The HeRSCheL detector is located not in the LHCb cavern but in the LHC tunnel itself, on both sides of the LHCb interaction point. The detector was built during 2014 and installed at the beginning of 2015 with the goal of enhancing studies of diffractive physics at LHCb. It consists of twenty square plastic scintillators, about 30 cm wide, in which tiny flashes of light are produced when a charged particle passes through. The scintillators are placed within centimetres of the LHC beam, just outside the vacuum pipe, and can therefore be used to detect activity corresponding to particles produced by a particle collision in the main LHCb detector but whose deviation from the beam direction is so small that they escape down the beam-pipe and only emerge further along the tunnel, near the HeRSCheL detectors.
This ability to detect particles at such small angles is crucial for a particular set of measurements made by physicists using LHCb data. These measurements revolve around the study of proton-proton interactions where rather than colliding head-on, the interacting protons merely glance off each other and, in so doing, produce a very small number of particles that can be detected using the standard LHCb detectors and should not lead to activity in HeRSCheL. Somewhat counter-intuitively, then, a proton-proton interaction of interest is one that leads to nothing being detected by HeRSCheL! (a rare occurence, thus allowing HeRSCheL to identify and remove the many interactions that produce significant activity in the detector)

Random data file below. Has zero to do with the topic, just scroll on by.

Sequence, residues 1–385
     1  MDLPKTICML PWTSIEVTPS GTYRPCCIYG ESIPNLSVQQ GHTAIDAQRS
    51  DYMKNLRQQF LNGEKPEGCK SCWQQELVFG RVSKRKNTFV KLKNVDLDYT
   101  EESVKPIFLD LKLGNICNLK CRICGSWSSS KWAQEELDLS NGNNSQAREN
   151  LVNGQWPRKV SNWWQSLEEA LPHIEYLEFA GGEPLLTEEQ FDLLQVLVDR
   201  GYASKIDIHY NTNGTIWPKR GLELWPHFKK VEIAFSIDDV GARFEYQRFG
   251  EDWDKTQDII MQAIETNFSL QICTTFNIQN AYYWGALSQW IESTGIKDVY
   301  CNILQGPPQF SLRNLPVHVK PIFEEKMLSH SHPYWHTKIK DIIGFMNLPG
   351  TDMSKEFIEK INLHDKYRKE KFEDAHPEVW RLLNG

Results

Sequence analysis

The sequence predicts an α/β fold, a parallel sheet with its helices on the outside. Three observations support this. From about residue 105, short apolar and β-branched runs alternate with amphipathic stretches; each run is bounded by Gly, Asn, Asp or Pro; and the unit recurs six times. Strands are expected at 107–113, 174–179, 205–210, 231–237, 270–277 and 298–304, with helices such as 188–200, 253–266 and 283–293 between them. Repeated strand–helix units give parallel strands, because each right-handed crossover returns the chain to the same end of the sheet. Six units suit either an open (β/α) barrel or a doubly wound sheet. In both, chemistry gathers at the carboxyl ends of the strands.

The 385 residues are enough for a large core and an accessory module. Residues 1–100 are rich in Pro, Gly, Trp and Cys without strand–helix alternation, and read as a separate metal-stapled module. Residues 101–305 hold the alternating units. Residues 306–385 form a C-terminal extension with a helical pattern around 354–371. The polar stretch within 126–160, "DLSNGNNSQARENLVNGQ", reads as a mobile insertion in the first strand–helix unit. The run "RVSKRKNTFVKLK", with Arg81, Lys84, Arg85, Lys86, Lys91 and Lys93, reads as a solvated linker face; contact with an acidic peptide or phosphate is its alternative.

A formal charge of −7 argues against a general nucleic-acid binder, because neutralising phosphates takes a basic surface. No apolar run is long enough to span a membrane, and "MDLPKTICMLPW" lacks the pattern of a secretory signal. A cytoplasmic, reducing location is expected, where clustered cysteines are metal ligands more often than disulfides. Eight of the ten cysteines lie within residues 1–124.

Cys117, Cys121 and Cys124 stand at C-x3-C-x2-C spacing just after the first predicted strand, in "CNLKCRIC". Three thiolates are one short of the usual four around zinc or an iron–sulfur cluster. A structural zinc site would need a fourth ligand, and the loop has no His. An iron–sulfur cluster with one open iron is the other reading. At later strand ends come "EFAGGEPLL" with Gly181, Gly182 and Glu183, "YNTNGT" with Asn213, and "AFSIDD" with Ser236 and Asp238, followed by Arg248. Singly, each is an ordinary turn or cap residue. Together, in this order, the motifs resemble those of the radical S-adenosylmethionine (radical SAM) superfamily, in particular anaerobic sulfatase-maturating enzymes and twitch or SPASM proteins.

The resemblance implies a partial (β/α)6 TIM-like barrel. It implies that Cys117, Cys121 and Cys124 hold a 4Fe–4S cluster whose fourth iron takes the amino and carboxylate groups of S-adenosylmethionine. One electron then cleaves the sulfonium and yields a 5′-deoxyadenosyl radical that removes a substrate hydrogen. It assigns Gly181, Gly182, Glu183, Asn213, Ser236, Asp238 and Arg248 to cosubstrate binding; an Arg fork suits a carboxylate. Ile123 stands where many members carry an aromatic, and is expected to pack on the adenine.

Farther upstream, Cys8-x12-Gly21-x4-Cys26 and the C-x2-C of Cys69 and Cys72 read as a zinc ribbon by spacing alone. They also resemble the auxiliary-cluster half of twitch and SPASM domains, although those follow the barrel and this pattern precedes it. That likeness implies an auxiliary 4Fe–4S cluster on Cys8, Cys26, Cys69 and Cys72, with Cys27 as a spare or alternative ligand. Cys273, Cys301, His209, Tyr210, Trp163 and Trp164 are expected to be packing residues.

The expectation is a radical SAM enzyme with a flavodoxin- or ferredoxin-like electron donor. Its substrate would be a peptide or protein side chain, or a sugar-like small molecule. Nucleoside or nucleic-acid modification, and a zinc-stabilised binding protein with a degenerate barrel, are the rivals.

click the image for higher resolution
The HeRSCheL detector is named after Caroline and William Herschel who, together, made great advances in the field of astronomy during the late 18th and early 19th centuries. Not unlike the Herschel family, the HeRSCheL detector brings together well-known and well-established technologies in a novel application. In so doing, HeRSCheL is a valuable extension to LHCb’s physics programme.